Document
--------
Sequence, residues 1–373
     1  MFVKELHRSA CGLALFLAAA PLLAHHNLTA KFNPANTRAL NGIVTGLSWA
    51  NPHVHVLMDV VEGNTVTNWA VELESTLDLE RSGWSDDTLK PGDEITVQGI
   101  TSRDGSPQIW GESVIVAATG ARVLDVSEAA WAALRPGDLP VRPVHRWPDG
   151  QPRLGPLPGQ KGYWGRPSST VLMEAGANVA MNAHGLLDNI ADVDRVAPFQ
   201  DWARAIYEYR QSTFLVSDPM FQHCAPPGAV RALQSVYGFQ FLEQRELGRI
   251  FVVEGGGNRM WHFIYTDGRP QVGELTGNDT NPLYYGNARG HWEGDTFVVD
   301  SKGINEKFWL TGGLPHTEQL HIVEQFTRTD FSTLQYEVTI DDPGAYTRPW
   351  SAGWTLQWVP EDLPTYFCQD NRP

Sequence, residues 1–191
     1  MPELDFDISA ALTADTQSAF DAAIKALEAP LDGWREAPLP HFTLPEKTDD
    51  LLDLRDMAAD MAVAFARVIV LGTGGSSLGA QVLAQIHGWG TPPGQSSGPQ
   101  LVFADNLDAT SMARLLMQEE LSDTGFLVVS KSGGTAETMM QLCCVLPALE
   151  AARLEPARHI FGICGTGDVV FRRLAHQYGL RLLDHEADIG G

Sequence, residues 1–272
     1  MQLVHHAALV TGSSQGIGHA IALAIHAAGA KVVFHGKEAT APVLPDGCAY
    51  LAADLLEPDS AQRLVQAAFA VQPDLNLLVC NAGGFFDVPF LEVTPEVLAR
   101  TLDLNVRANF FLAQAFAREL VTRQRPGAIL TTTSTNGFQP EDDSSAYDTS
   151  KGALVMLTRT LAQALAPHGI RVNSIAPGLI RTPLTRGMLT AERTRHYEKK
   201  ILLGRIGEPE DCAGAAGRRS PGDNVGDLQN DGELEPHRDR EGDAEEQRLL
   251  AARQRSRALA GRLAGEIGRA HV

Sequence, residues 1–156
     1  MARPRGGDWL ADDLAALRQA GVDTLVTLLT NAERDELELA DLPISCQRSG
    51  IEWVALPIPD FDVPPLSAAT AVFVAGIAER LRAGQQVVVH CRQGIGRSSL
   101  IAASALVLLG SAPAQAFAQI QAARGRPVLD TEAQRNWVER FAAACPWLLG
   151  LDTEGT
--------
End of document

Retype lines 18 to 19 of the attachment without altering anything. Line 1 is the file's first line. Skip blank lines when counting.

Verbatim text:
   101  TLDLNVRANF FLAQAFAREL VTRQRPGAIL TTTSTNGFQP EDDSSAYDTS
   151  KGALVMLTRT LAQALAPHGI RVNSIAPGLI RTPLTRGMLT AERTRHYEKK